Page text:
- international development spending now subjected almost exclusively to Britain's military and strategic needs
- £5 billion yanked out of current spending in 2010 alone
- student fees up to £7000 a year, repayable now by interest-loaded loans, giving all but the richest students a hefty average debt of £23,000 at the start of their working life.
- £18 billion hacked off the welfare budget - mainly by reducing working age benefits for poorer households
- removal of child benefit from working mother if she or her partner are earning more than £38,000 a year
- a rise in VAT from 17.5% to 20% in january
- 25% cut in policing
- 25% cut in prisons and courts
- 27% cut in grants to local authorities
- one third of Forestry Commission land to be sold off privately to developers
- 2 newly commissioned aircraft carriers to be deprived of Harrier Jump Jets
- 20-year Building Schools for the Future programme valued at £55 billion cancelled so 715 new school buildings and services will be scrapped.
- estimated cut in housing allowance will force eviction of 170,000 poorest Londoners from their own city
- employment support allowance to be suspended after one year,(Tories say all welfare benefits to be tilted so that it would be more economic to have a job rather than be on benefit, but the majority of jobless beneficiaries will fail to find a job anyway within that new one year limit.)
When George Osborne announced the cuts in Parliament the Tories cheered and waved their order papers. Alan Johnson glowered with real anger when he gave his response in the Commons. (In fact, the Tories were only cheering an end of speech quip from Osborne that his overall 19% budget cut was marginally less than the one proposed by Alistair Darling before Labour lost the election. It still made it appear that despite Cameron's best PR efforts that they were ready cheer the cuts as a whole. It was a rare PR error for the Tories and in the next few years the Tory image-makers may yet regret that quip and that cheering as it is liable to repeated in Labour party broadcasts during elections).
Most people were dismayed at these results. Or were they?
The public initially reacted with a resigned shrug. Why?
After all, the Conservatives are bringing in measures which the Institute of Fiscal Studies has condemned as proportionately unfair on the poor and lower income families; 4 Nobel prize winning economists have expressed seriously concern that the savage cuts could lead to a double-dip recession and that the argument that the private sector will provide the jobs lost in the public sector, is almost without foundation, and at best a gamble.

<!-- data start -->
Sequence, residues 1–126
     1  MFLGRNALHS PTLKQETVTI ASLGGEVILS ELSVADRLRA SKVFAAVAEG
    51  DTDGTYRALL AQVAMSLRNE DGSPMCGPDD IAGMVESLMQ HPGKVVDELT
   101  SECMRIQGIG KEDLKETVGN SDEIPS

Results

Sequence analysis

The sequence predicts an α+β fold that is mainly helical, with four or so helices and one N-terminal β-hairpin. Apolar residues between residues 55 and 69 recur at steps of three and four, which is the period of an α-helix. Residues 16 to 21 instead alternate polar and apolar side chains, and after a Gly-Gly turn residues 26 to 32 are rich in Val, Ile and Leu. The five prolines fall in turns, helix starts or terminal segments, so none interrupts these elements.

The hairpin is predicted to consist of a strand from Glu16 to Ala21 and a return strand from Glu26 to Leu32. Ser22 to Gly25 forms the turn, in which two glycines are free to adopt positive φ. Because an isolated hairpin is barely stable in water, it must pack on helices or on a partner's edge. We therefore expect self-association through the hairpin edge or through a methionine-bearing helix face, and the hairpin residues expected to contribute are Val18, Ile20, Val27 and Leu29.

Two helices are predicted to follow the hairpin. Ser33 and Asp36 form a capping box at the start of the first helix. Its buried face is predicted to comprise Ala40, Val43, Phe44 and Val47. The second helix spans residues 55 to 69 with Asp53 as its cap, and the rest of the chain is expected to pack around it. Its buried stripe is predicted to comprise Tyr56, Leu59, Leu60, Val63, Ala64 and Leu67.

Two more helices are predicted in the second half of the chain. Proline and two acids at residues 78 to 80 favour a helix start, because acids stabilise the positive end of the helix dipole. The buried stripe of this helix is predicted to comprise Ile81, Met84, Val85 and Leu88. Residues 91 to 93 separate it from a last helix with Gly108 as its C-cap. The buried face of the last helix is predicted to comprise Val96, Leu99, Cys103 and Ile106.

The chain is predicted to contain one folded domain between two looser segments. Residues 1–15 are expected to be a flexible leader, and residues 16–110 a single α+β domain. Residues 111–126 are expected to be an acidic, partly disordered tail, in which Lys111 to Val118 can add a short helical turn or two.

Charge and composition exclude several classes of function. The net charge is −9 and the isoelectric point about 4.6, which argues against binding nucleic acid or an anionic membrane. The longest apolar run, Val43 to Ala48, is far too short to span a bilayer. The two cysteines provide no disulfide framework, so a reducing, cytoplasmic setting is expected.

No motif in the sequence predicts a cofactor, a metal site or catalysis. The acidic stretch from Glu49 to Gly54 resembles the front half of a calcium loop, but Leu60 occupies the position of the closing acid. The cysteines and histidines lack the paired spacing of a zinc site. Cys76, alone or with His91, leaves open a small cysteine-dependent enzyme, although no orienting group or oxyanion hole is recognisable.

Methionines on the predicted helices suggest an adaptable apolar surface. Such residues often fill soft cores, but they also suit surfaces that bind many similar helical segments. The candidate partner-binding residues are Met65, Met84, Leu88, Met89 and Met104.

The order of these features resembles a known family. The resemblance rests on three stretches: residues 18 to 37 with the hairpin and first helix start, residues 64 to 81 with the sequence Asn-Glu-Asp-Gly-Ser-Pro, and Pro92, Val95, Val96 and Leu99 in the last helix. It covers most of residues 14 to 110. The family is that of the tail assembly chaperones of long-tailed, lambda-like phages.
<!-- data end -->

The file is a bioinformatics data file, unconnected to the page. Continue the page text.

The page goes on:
So is the opposition gearing up to read a national sense of public outrage leading to a comprehensive condemnation of these cuts? It is trying, but it is missing a/ proper leadership, b/ a properly worked out alternative strategy, and c/ any large scale national public outrage.
This is because whatever the coalition government may get right or otherwise in this immense political and economic gamble, the one area which they have secured is the right PR. Amazingly, bcause of this, they have a sort of reluctant churlish form of public support for what they are doing.
Whatever else he has been, David Cameron has been a past-master at presentation of himself and his policies. He had been the radical anti-European anti-state Tory to his Conservative followers, but represented the face of progressive eco-aware liberalism to the country at large. Initially the electorate did not trust him because of this uncertain Janus-like image, but in view of the unpopularity of Gordon Brown he was given a modest dollop of public support at the last election.
He has proved canny in his dealings with the Liberal Democrats and knew how to extract power in such a way that he is not subordinate any longer to his Tory backwoodsmen.
Now the language is the language of "fairness" where we all, rich and poor apparently share equally in the social costs of the cuts. However this is pitched on top of a mantra repeated by both coalition partners, day in and day out since the election, that the current deficit is "Labour's legacy". This is Cameron's huge PR victory because the Labour Party was so absorbed with its own very boring fight for the leadership that it had no national platform on which to respond to these taunts about the reasons for the deficit.